To find the carbon equivalent output from your everyday activities including driving, flying or taking a shower, there are simple online calculators, like the ones at TerraPass.com, that use formulas and energy utitility data specific to your location to produce an approximate measurement based upon the information you enter.
If you live in the U.S., your personal yearly carbon dioxide output is likely somewhere between 15 and 25 tons. It's much lower if you live in a place like New York City, where only about half of people own cars and population density is much higher. The national average is 20 tons per year. That's over two times higher than most large European countries and ten times higher than what most scientists believe the worldwide average needs to be in order for the Earth's sensitive climate system to stay in balance without adverse affects on living beings.
The problem with carbon footprints is that this measurement is important for science and interesting to know if you're into the idea of offsetting your emissions by paying a compensatory rate for every ton of CO2 you generate; however, it is very hard to use the concept of carbon footprint to make everyday decisions.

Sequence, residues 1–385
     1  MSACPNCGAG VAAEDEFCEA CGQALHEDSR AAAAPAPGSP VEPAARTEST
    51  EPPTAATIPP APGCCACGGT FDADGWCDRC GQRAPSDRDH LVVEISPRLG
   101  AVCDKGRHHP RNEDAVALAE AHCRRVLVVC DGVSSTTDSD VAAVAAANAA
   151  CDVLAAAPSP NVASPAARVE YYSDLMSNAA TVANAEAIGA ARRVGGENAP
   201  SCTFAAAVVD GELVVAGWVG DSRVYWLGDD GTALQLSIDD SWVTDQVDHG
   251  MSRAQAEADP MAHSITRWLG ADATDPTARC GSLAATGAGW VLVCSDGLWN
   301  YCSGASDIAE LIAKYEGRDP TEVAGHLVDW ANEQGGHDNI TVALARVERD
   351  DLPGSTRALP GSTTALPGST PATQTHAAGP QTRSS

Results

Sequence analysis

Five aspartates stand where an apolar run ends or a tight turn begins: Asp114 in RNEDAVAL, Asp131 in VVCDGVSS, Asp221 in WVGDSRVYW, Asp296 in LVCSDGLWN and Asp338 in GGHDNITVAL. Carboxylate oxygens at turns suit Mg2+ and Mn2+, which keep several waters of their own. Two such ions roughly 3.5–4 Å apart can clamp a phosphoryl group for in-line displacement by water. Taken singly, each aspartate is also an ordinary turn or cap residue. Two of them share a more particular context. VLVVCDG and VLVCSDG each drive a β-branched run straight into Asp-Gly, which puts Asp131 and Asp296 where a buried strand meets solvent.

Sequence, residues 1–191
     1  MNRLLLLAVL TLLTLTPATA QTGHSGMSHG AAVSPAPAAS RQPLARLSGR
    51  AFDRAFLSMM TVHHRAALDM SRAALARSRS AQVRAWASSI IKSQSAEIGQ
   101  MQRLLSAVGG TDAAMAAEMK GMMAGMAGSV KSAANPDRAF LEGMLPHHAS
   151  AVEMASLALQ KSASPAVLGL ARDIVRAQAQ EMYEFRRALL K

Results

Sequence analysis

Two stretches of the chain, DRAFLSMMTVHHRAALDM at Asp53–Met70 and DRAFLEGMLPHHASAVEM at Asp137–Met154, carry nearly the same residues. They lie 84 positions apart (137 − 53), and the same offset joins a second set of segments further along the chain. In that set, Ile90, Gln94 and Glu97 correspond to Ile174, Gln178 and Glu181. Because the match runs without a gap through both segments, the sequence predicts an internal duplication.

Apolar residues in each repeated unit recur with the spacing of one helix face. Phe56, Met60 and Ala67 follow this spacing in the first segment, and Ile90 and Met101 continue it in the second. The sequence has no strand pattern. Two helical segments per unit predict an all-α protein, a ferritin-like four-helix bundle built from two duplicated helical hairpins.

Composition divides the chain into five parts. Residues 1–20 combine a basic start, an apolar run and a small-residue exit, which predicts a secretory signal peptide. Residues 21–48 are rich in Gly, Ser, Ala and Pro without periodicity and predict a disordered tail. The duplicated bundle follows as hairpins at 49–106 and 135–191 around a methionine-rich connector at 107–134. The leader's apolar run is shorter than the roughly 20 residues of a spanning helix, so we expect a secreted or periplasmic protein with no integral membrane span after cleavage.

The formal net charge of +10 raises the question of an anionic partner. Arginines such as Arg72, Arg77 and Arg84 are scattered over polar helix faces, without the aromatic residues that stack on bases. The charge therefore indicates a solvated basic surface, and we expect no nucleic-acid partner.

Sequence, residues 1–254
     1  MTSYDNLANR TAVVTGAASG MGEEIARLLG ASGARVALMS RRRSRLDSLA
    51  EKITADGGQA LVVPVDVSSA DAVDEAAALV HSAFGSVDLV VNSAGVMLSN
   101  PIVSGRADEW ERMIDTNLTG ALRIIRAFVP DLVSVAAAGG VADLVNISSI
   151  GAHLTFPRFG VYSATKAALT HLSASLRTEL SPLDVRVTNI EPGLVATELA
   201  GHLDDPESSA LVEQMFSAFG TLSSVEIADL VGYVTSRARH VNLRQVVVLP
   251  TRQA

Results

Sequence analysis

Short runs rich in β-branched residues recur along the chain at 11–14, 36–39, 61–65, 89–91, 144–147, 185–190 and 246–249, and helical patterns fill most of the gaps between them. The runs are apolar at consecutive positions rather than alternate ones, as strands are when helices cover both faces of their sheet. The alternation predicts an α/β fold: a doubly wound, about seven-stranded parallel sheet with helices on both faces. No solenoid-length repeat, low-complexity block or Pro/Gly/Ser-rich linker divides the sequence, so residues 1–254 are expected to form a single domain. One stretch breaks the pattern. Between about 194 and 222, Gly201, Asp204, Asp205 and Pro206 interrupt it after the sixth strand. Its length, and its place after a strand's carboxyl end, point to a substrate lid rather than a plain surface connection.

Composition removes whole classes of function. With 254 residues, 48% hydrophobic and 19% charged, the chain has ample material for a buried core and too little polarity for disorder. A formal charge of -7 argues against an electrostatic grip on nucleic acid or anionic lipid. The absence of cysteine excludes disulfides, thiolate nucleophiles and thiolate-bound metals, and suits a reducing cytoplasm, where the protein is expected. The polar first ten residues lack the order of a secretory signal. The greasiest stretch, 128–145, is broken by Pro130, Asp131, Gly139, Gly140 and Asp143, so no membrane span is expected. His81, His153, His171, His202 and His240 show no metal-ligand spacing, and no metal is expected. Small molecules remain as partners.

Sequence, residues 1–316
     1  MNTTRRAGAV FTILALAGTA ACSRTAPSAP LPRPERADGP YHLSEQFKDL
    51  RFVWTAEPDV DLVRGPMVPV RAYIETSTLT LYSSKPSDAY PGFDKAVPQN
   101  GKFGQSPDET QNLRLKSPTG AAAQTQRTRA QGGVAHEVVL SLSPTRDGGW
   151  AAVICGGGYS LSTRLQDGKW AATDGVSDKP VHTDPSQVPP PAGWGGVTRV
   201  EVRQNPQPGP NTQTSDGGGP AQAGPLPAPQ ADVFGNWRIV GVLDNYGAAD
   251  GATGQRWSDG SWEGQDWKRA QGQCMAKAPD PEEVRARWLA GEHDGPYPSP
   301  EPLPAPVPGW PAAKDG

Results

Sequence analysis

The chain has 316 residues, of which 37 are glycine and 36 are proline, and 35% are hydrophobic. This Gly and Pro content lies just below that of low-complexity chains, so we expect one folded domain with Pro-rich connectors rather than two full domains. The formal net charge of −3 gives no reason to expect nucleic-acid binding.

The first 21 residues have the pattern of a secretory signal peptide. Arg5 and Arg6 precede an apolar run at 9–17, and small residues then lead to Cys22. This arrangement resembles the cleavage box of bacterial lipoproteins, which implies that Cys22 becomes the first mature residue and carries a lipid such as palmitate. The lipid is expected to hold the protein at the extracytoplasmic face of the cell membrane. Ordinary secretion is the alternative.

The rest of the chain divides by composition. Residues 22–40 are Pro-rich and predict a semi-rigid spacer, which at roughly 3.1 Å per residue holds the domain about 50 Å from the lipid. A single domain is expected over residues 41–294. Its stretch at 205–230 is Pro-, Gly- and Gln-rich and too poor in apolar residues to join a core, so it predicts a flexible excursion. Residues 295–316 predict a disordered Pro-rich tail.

In fact, the carbon footprint is one of the more confusing green benchmarks because it encompasses other gases besides carbon dioxide (methane for example) but you won't find methane on your shopping list or coming from your [automobile] tailpipe.
"Footprint" is a ubiquitous buzzword that is commonly misassociated with broad environmental impact such as "pollution." But, the carbon footprint is really a much narrower term describing the amount of carbon dioxide or equivalent gas (CO2e) stemming from a particular activity. Because CO2 and other heat trapping gases, known as greenhouse gases, are the culprints behind rapid climate change, the concept of a carbon footprint and an entire related global carbon market have emerged to allow global leaders to tackle the problem effectively on a massive scale.
The carbon output of everyday activities forms the basis for the worldwide carbon trading market that already tops roughly USD $450 billion annually. Experts predict that, depending on the outcome of the Copenhagen summit in December 2009, it could become a USD $3 trillion market in the next decade (twice the size of the oil industry).